2019 ~ Furat chie benit de su mari (Robbers come from the sea) ~ a lecture by Luca Carboni (DAI 2018) at the State Archive of Cagliari at the opening of the DAI Week 4 in January
“Furat chie benit de su mari”, meaning “Robbers come from the sea”, is a Sardinian motto, often used to convey the widespread understanding of Sardinians as victims of dominations, throughout history, by the many past and current Mediterranean powers. Luca Carboni (DAI 2018) choses this title to frame an ongoing artistic, political and cultural research, aimed at problematising some aspects of the making of a contemporary Sardinian identity. A historical reading of the network of coastal towers, commissioned as a defensive system by the Spanish Crown from the 16th century on, as well as of the numerous archeological findings emerging from the island’s prehistorical grounds, are the vectors along which the relationship between civilisation and barbarity, resistance and domination, is investigated. The relation between the Sardinian landscape, the island’s contemporary military apparatus and the fabricated mythologies of ancestral glories creates an articulated picture of the cultural processes involved in the building of a an identity, and warn about the rise of a nationalistic sentiment not immune to the dangers of a historical moment marked by the rise of a new wave of fascism.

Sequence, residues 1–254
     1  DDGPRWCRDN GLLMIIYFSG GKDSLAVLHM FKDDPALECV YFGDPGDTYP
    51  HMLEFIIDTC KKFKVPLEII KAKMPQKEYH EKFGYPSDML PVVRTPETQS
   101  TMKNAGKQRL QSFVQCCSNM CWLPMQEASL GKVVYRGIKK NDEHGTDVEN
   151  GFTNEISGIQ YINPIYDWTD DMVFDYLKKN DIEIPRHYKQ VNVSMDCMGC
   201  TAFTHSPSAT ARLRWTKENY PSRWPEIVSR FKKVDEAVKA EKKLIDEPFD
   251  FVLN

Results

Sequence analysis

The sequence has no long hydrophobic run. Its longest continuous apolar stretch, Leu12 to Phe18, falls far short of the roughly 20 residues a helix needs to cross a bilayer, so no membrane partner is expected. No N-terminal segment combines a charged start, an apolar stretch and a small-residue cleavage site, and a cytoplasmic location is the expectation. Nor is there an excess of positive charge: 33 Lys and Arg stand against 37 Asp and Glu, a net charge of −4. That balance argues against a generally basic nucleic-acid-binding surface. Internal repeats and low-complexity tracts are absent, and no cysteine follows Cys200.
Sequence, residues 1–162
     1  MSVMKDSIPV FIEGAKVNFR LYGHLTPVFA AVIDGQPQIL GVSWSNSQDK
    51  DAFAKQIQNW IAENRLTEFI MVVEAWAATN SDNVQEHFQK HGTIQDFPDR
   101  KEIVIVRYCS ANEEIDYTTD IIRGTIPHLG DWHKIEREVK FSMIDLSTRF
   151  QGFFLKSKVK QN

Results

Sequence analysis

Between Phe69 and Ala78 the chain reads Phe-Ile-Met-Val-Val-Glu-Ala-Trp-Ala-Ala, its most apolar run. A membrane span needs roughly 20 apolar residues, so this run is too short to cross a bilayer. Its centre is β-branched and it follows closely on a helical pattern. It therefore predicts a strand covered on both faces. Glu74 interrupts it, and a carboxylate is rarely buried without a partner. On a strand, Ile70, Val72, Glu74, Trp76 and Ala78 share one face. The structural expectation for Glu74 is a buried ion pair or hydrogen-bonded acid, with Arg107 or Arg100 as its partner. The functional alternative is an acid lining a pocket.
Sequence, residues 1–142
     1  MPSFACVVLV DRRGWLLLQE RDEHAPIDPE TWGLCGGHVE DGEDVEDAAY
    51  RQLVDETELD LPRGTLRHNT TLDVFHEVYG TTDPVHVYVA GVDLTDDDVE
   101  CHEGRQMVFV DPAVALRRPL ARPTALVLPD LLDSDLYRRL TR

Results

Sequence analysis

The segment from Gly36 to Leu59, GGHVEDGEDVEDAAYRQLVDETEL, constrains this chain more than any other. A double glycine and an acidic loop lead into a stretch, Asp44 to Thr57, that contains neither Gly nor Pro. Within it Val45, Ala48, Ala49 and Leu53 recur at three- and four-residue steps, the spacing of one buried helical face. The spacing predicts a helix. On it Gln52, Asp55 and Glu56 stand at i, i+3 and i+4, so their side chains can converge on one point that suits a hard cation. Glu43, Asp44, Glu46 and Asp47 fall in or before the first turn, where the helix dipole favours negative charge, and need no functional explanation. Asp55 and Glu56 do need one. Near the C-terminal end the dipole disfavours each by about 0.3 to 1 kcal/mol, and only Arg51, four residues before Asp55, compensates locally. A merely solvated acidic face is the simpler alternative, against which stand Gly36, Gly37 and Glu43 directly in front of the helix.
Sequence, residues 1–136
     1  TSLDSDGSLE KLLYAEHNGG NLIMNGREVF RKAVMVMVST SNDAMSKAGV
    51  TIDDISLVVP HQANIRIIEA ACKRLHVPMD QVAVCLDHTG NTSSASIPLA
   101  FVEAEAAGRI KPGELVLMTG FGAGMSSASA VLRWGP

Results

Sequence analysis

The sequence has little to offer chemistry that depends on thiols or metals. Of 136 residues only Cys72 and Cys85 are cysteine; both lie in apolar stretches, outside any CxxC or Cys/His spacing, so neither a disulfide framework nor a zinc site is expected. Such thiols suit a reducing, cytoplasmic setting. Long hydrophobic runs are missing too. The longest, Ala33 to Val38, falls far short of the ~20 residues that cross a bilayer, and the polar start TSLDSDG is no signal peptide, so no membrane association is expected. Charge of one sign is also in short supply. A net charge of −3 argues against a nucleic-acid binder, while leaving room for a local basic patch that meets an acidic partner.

A presentation of this research was organised, as an introduction to the local context, for DAI students and tutors at the State Archive of Cagliari at the opening of the DAI Week 4, in January 2019. The State Archive, a national institution, preserves some 7 centuries worth of original documents constituting the live traces of the development of modern Sardinia, and a great resource for understanding the modern history of the whole Mediterranean area. Far from conceiving the mission of this institution as a mere warehouse for old papers, the director Enrico Trogu welcomed the DAI with the intent to open up the Archive and start making it a centre for the activation of a knowledge which constitutes the life and flesh of a history in constant making. By welcoming other cultural institutions and making use of intellectual tools of different kinds – including artistic production – the State Archive of Cagliari aspires to develop and welcome new forms of communication of the landscape, of the events and of the concept itself of Sardinia.